Microsoft's Gates, Nadella, Bates Initially Opposed Nokia Acquisition; Said Microsoft Should Stick with Software
March 5, 2014 1:33 PM
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Former CEO Steve Ballmer threw a fit until he got his acquisition
Microsoft and Nokia have had a close relationship over the years, where Microsoft provided the Windows Phone software and Nokia made the hardware. But when former Microsoft CEO Steve Ballmer wanted his company to become a hardware maker, many top executives disagreed with such a move -- including current
CEO Satya Nadella
, Ballmer was set on getting his way when it came to the acquisition of Nokia's Devices and Services division last year, despite opposition from top-ranking execs in the company. Ballmer reportedly threw a fit that everyone could hear last year when he learned of their opposition.
Microsoft co-founder and current Technology Advisor Bill Gates along with Nadella and former Skype CEO in charge of Microsoft's business development Tony Bates all initially opposed Microsoft's move into hardware, as well as the idea of an expensive Nokia acquisition.
The board didn't back Ballmer's plan to acquire two Nokia units at the time, but after Ballmer's hissy fit in June 2013, the board signed off on a
$7.2 billion USD purchase
of Nokia’s mobile phone business. Nadella had also reportedly changed his mind about the Nokia acquisition, saying it was a good idea after all.
“Nokia brings mobile-first depth across hardware, software, design, global supply chain expertise and deep understanding and connections across the mobile market,” said Nadella. “This is the right move for Microsoft.”
Bates, on the other hand, remained strongly opposed. Earlier this week, it was announced that he is leaving the company immediately, which could be a result of being passed up for CEO earlier this year. There could also be internal frustrations with his opposition of Microsoft's move toward hardware.
But Microsoft team members had a right to worry about the company's future in hardware, as the past has been quite telling. For instance, Microsoft's first homemade tablet called Surface was largely a flop at launch in October 2012. Windows RT was seen as a half-baked Windows product that didn't run legacy apps, and the Windows 8 Pro version was much too expensive for the typical consumer, and Windows 8 in general created a storm among users who just wanted their Start button back and the live tiles on their desktops to go away.
In July 2013, Microsoft reported the largest earnings miss in at least a decade and took an unexpected
$900 million charge
due to the Surface flop.
Ballmer announced that he would be
retiring as Microsoft's CEO within a year
last August, and Nadella was named CEO in January.
Nadella is currently shaking up the executive ranks and unraveling certain parts of Ballmer's restructuring process.
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RE: I'm not sure if it was a good idea in the abstract but...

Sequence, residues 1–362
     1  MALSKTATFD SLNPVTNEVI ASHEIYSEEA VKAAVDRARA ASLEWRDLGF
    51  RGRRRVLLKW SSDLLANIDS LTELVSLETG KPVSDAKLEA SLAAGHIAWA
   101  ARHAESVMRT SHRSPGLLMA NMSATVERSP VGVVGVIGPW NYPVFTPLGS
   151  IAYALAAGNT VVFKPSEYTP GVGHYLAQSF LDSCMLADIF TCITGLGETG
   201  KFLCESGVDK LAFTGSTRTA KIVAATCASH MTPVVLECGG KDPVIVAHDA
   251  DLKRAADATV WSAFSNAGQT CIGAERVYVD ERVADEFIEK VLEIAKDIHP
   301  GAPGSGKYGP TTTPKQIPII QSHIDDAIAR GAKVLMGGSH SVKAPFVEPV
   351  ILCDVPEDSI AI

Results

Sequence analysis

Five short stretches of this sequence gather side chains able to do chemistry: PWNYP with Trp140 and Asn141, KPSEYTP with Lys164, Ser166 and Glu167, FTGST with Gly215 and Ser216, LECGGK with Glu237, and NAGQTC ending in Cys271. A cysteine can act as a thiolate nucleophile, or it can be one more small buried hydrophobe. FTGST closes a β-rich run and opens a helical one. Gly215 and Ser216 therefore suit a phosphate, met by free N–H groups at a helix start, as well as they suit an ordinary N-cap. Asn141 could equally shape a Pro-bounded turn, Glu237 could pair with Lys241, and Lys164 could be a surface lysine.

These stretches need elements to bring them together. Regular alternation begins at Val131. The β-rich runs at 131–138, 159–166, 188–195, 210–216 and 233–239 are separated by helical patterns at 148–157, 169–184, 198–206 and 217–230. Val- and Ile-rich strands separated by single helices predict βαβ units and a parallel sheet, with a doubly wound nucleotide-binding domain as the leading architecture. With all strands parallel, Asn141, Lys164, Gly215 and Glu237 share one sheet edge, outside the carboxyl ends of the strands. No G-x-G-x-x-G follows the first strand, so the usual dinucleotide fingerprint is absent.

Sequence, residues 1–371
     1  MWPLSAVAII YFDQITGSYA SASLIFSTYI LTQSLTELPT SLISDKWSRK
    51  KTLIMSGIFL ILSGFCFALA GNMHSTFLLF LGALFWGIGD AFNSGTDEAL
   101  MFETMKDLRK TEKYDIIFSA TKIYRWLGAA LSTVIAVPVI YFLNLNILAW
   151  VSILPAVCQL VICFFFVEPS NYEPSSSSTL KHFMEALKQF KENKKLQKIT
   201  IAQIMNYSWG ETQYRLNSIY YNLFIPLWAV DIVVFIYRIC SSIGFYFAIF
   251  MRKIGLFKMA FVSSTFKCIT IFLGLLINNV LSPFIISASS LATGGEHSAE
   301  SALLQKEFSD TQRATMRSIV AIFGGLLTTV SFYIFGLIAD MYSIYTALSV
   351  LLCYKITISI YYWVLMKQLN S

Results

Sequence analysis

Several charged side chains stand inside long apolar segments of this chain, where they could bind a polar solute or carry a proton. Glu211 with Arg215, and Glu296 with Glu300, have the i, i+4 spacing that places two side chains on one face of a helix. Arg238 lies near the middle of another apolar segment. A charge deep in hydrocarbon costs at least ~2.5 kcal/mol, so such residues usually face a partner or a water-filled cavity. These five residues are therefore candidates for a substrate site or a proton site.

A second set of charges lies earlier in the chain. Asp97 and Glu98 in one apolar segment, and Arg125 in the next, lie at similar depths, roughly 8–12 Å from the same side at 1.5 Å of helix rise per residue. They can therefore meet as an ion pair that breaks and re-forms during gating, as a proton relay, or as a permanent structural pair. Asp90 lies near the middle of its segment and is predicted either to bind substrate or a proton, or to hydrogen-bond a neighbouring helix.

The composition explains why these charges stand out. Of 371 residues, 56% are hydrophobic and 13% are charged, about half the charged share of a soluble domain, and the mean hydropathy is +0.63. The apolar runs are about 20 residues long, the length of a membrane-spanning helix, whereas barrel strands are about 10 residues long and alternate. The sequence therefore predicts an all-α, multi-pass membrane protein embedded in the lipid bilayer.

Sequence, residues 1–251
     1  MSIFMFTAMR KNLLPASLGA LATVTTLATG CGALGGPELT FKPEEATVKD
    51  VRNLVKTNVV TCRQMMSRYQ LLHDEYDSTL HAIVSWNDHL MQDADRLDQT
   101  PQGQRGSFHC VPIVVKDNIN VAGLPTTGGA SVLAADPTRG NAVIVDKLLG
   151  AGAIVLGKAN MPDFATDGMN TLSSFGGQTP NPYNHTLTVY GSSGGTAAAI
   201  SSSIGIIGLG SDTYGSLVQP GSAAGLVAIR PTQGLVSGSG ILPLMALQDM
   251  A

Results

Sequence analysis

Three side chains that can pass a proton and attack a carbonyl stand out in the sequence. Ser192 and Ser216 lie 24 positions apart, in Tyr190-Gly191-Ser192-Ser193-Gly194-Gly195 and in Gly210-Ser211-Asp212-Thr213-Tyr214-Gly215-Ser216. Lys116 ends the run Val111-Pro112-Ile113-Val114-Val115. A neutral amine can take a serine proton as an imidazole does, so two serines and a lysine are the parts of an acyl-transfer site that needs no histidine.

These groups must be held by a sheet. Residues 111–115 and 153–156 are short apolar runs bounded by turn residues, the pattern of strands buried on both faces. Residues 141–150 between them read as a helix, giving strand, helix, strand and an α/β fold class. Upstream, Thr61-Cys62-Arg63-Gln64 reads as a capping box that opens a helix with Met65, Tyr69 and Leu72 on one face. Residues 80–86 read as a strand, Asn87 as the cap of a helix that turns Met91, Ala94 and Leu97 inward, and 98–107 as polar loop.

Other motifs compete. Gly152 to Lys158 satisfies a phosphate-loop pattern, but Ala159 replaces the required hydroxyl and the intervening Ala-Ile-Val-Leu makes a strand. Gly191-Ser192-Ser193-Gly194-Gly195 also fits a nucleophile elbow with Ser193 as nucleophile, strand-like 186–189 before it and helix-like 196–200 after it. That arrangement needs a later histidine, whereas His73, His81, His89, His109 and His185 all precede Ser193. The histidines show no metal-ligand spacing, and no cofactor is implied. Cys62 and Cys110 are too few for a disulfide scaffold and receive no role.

3/5/2014 9:16:45 PM
Waiting too long to address a changing marketplace is a common mistake of big companies (Google, by contrast, did well to respond to the iPhone ASAP).
It's the root cause of Nokia's downfall. They were between a rock and a hardplace when Elop took over, as they should have switched to Android a year earlier. At that point, the choice was starting from zero with Android or taking a risk (and a $250M/quarter bribe) from MS.
And, as you mention, it's why MS is so far behind in mobile. They came up with a good OS, but you can't twiddle your thumbs for that long without consequences.
I also agree that entering hardware was necessary for MS's long term presence in mobile.
RE: I'm not sure if it was a good idea in the abstract but...
3/6/2014 7:50:04 AM
Completely agree with you here. If nokia moved to Android 1-2 years earlier then they would be Samsung today... but they didn't, so when it came time to move to a new platform then they had the option to become another "Me Too" company attempting to compete with Samsung... or take over a niche market. Making the move when they did, Android would have been suicide. With no other OS contenders, WP was the only right choice available. A few years later then perhaps FirefoxOS or Ubuntu's phone OS would be an option... but they did not exist at the time.
On the other hand, MS has had a rough time with WinMo and WP7/8 because the company wanted to make a good smartphone, while the board just wanted a patent generating machine without the liability of a consumer product. Because of this WP has a lot of great technology built in... but it is often incomplete or short sighted from a consumer viewpoint. Thankfully (and I say thankfully because I am a WP user) MS has done a 180 on this viewpoint over the last 2 years, and they are really developing the OS as a true product now. Where winMO and WP7 had major issues, WP8 is much better. WP8 is still lacking a lot of features, but the WP8.1 leaks show that almost all of those features will be addressed this year.
It is a company playing catchup, but they were catching up. 2013 was all about catching up on hardware support, and they did that successfully. 2014 is all about feature support and building the app store. 2015 will be all about WP9 and completing the merge with winRT in order to potentially add more PC-like features, and fix development and store issues to get app developers to take them seriously. They are constantly on the verge of "too little too late", but so far have kept up good enough to not be blackberry. And at least they have a roadmap in a time when Android and iOS seem to be stagnating. MS may never catch up in the US phone market, but I think that a year from now the landscape will look very different in a worldwide perspective with WP and iOS neck and neck in most markets.
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